Prisoners: Might as well just give up on life

When two girls go missing a father does whatever it takes to get them back–including things that made me curl up in a ball, terrified and shivering.

Something happens to your brain when you reproduce. Movies that you once watched with carefree abandon, gems like The Road, now make your back knot up and stomach lurch. I thought it would never happen to me! My film watching habit subsists on a steady diet of terrible-yet-awesome horror movies to no ill effect. But now that my one and only offspring is reaching an age where he can communicate about life in utterly charming ways, my threshold for the entire gamut of child abduction / harm /torture films is super low.


I know, très cliché, but it’s the truth! And Prisoners definitely exceeded whatever small threshold I have left for this terrible, terrible(ly awesome?) genre.

Keller Dover (Hugh Jackman) is a total doomster. He’s got a basement filled with canned food, rope, kerosene, hand sanitizer, and rifles. Like he says early on in the film, pray for the best, prepare for the worst, right? He seems like a pretty decent–if severe–bearded dude that trends towards the conservative side both politically and socially. But still, he’s a guy that would make for a stand up dad.

On Thanksgiving, he and his charming family head across the street to celebrate with their neighbors, Nancy and Franklin Birch (Viola Davis and Terrence Howard). At some point the couples’ 6(ish)-year-old daughters head back to the Dover house and…disappear. After the mood of the two families falls from joking confusion to extreme panic, Dover’s teenage son remembers seeing one of those classically creepy RVs parked on the street nearby. Dover calls the police and Detective Loki (Jake Gyllenhaal) is assigned to the case.

The investigation wears on, and Dover grows increasingly unstable as his daughter remains missing, and the likelihood of her survival begins to plummet. Loki uncovers a mysterious trail of super weird dudes (Paul Dano and David Dastmalchian) and bizarre clues, but fails to make any progress. That’s when Dover beings to take things into his own hands (in terrible, angry ways). General thriller / mystery things then happen that I would be a huge jerk to spoil here.

I really enjoyed this movie, and by enjoy I mean I spent an entire sleep cycle filled with nightmares about a stranger abducting my child. It’s a really well-balanced blend of heart-stopping tension and squint-worthy bloodviolence that will appeal to fans of both thrillers and horror movies. Hugh Jackman plays an uncharacteristic role, which is going to turn some people off, but seemed pretty accurate to me. I mean, dude just lost his tiny, adorable human. A normal person’s reaction to those circumstances isn’t going to look a whole lot like Wolverine or Van Helsing. While Jackman spends the movie unpredictably oscillating between emotional extremes, Gyllenhaal plays the perfect emotionless cop,1 more focused on solving the crime than having emotional connections to the victims and suspects. If we were talking sports I’d say “Gyllenhaal turns in a workman-like performance.”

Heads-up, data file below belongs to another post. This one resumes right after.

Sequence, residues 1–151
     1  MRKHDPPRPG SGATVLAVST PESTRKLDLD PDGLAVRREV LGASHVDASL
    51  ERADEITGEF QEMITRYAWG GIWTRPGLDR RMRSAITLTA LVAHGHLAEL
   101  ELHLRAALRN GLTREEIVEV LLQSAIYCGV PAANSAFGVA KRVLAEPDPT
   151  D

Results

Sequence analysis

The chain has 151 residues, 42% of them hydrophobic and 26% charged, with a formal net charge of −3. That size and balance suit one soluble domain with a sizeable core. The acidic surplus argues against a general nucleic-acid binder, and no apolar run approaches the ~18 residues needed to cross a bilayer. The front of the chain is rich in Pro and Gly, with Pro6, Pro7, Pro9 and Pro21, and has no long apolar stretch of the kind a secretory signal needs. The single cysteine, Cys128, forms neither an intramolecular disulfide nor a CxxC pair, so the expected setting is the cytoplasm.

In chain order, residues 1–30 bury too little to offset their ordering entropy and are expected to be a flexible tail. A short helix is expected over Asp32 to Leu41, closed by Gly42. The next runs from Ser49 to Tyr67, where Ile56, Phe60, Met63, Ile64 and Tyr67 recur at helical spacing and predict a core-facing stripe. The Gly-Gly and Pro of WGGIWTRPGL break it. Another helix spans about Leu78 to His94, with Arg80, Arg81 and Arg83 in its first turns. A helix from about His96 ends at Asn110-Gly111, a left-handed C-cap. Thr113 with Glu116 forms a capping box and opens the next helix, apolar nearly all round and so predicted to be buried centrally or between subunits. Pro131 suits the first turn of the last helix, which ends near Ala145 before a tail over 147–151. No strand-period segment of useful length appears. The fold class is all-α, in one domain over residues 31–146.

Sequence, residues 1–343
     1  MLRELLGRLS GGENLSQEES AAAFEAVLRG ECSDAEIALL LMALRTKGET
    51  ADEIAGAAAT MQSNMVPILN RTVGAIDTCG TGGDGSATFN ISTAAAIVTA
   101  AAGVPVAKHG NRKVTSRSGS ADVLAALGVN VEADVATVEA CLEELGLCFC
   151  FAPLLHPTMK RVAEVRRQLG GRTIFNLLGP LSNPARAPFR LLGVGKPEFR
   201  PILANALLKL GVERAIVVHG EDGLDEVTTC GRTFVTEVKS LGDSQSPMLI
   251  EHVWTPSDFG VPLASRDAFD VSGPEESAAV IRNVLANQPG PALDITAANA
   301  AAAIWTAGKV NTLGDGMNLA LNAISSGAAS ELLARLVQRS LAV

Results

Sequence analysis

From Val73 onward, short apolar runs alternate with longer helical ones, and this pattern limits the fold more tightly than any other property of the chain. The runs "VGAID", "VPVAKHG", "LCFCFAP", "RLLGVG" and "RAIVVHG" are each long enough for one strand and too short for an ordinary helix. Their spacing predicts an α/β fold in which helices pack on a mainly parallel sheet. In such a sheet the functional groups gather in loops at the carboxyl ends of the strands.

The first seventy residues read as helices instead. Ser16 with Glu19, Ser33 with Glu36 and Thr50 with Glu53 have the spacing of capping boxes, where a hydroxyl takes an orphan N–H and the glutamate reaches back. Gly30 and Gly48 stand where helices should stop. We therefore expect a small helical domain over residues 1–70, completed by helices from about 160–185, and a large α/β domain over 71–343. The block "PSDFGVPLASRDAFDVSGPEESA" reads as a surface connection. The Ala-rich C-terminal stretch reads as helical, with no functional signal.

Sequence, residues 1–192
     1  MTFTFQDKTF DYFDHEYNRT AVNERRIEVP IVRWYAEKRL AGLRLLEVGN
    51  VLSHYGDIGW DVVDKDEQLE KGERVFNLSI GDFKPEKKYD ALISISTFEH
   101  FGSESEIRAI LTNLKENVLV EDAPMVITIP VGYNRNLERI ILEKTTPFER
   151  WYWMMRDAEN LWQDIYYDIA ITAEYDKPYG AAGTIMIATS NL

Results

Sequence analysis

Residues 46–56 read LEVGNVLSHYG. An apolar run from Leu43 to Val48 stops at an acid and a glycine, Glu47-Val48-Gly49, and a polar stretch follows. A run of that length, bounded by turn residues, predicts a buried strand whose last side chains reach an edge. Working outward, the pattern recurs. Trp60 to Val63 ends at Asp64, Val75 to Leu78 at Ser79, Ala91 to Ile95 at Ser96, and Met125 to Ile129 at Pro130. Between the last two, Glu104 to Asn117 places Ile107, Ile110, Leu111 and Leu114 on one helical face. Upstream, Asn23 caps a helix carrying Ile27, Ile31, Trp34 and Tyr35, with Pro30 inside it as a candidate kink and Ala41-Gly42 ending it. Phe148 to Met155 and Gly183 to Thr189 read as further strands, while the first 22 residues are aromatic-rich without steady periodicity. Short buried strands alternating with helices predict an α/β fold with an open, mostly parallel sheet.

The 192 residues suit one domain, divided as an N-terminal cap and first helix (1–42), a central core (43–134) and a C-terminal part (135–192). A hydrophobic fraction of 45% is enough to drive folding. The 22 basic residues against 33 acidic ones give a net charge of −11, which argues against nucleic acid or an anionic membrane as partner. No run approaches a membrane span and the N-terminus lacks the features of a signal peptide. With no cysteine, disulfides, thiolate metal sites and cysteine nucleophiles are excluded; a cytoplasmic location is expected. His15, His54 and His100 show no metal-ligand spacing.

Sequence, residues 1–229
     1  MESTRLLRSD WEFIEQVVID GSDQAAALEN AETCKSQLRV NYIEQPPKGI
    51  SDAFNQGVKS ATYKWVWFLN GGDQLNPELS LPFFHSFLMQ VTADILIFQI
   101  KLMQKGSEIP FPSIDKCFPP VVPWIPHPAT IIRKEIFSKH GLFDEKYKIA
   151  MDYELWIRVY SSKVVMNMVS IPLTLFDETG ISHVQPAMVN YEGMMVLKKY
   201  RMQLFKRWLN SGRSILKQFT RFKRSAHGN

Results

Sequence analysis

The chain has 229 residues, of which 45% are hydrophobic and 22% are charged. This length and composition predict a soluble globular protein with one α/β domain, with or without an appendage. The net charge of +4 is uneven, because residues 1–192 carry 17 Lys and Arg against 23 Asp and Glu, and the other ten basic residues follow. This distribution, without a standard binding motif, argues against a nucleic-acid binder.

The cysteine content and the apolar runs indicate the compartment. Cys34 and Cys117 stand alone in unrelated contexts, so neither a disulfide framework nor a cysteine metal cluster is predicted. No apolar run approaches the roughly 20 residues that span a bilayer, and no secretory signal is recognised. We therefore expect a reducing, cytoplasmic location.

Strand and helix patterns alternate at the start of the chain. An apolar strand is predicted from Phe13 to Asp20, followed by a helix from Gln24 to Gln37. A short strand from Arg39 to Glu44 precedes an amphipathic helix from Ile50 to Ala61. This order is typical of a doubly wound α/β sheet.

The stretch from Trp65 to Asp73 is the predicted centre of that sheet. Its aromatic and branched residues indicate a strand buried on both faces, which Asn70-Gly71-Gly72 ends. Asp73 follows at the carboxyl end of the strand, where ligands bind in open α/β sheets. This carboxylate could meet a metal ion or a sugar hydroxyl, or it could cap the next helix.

You’re gonna love looking at Prisoners, too. Which shouldn’t be a surprise since Roger Deakins is the film’s cinematographer. Deakins has worked on just about every beautiful movie that exists, including a ton of Coen brothers films. For two and a half hours,2 Deakins creates a soaking wet environment that’s drained of color–it feels like a real place, a real small town somewhere in Pennsylvania.3

Towards the end of the film, things start to go a little off the rails with the script: there’s a scene involving buckets of snakes. But don’t worry, the tension, a general feeling of foreboding, and Hugh Jackman’s beard will carry you through–if you really want to be carried through a movie about three of my worst fears.4

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Why you should see this movie

You’ve really been missing a good, long-lasting feeling of terror and revulsion.

Why you should stay home

Because you have, care, or know about a family, any family.

Bechdel Test

At a couple points Nancy Birch converses with her eldest daughter about her missing daughter, which does technically count. But at its heart this film is about fathers, good guys, and bad guys.

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  1. Who looks like he used to be a hardcore kid? 
  2. Remember how every movie in the 90s was three hours long? Please tell me we’re not headed back in that direction. 
  3. A small town where I will never, ever go. 
  4. 1) Child abduction, 2) home invasion, and 3) torture. Also up there on my list is being flung from a spacecraft and sent floating off into deep space for eternity–a movie about that comes out next month
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Ross Catrow

Founder and publisher of RVANews.

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